Compliance Issues Related to Suspicious Activity Monitoring and Reporting at Broker-Dealers

The US Securities and Exchange Commission (SEC) Division of Examinations (EXAMS) conducts exams on broker-dealer firms and mutual funds for compliance with Anti-Money Laundering (AML) requirements. On March 29, 2021, the SEC published an alert on areas of concern regarding broker-dealer suspicious activity monitoring and reporting. EXAMS lays out the relevant Bank Secrecy Act (BSA) obligations for broker-dealers, including the AML program and Suspicious Activity Report (SAR) rule requirements, as well as provides specific examples of deficiencies observed as part of its examinations.

AML Policies and Procedures and Internal Controls 

EXAMS observed certain broker-dealers inadequately designed policies, procedures and internal controls to identify and report suspicious activity required under the BSA. Specifically, EXAMS found that:

  1. Certain firms did not include any red flags in their policies and procedures to assist with identifying activity for further review, or failed to include red flags associated with securities transactions. EXAMS also found that, when firms did include red flags in their policies and procedures, they did not tailor them to the risks associated with their products and services. EXAMS cited activity involving low-priced securities, which is associated with market manipulation and pump-and-dump schemes, as an example of a red flag that brokers did not address.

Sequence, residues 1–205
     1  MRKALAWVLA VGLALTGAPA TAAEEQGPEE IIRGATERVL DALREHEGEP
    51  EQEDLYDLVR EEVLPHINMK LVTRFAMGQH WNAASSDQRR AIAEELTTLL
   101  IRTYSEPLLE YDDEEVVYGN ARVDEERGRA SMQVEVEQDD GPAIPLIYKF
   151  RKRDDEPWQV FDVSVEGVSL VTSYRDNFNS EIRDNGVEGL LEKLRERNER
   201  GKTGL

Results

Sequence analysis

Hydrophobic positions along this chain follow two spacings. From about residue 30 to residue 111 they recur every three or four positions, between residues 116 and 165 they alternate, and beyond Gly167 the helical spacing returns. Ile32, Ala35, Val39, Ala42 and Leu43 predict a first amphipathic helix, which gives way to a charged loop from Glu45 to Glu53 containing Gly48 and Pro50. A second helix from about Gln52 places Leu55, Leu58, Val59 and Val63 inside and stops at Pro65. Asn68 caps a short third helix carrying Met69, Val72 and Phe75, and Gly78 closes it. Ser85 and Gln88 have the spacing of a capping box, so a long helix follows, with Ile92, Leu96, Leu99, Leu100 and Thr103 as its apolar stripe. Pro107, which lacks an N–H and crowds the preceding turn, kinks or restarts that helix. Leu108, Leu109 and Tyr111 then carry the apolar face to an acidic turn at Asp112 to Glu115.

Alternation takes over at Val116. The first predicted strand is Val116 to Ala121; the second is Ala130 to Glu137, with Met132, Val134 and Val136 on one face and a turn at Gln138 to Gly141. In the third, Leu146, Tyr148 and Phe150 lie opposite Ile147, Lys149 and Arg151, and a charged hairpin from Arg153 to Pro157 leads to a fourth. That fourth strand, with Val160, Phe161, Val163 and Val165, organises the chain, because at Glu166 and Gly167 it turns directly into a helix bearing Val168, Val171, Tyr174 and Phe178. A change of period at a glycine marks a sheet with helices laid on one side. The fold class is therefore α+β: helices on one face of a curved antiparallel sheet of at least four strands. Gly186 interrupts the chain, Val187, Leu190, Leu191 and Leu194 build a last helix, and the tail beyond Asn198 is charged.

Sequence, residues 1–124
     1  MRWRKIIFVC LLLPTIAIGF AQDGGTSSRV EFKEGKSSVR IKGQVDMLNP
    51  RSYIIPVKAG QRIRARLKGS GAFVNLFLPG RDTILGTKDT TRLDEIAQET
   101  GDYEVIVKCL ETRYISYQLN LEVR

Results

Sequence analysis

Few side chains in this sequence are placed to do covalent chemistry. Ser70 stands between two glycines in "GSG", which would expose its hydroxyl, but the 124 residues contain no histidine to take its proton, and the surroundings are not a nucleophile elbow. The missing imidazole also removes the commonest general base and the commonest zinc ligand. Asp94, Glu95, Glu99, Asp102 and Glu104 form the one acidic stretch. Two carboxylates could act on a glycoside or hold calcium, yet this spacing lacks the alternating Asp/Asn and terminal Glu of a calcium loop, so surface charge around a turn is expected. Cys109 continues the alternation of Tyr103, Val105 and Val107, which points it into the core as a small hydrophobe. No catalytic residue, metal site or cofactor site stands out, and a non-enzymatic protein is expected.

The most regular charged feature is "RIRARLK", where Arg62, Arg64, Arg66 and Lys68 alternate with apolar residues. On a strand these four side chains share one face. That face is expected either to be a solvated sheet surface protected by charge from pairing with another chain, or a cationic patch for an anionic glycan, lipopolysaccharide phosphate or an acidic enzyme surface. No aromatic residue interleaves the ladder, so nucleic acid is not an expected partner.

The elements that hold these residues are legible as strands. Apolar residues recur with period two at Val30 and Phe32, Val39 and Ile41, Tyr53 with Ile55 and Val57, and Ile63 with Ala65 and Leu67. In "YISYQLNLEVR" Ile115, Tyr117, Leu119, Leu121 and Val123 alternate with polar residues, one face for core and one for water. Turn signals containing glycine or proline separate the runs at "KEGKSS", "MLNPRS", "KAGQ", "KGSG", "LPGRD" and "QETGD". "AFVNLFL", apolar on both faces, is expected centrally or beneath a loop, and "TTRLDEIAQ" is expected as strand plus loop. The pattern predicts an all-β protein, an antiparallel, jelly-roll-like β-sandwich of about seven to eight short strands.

2. Firms with large volumes of daily trades failed to form and apply automated systems to monitor and report suspicious activity in connection with large-volume trading. Firms would instead rely on a manual review process of trading and failed to establish procedures or controls designed to spot suspicious patterns or trends across accounts. 
  3. Some firms set the threshold for generating alerts too low for low-priced securities. Certain firms, for example, set alert thresholds under $1 per share, which fails to catch securities priced between $1 and $5 per share. The SEC considers securities priced between $1 and $5 per share to be low-priced or “penny stocks.”
  4. Firms set SAR-reporting thresholds at amounts higher than the $5,000 threshold required by the SAR Rule, which led to the failure to identify and report potentially suspicious activity above $5,000, but below the set threshold. 

EXAMS also found that although certain firms recently designed policies and procedures, they failed to adequately implement them. EXAMS, for example, found that certain firms did not follow up on red flags as documented in procedures or comply with firm prohibitions on accepting trades on low-priced securities.

Suspicious Activity Monitoring and Reporting

EXAMS observed that when firms identified activity involving low-priced securities, market manipulation, or pump-and-dump schemes, firms did not review the activity and/or follow up to consider filing SARs. The following are specific examples of indicators of suspicious activity that firms did not adequately assess: 

  • Large deposits of low-priced securities that were followed by immediate liquidation of those securities shortly after.
  • Trading in thinly traded, low-dollar securities that would result in an unexpected spike in price or that represented most of the securities’ total daily trading volumes.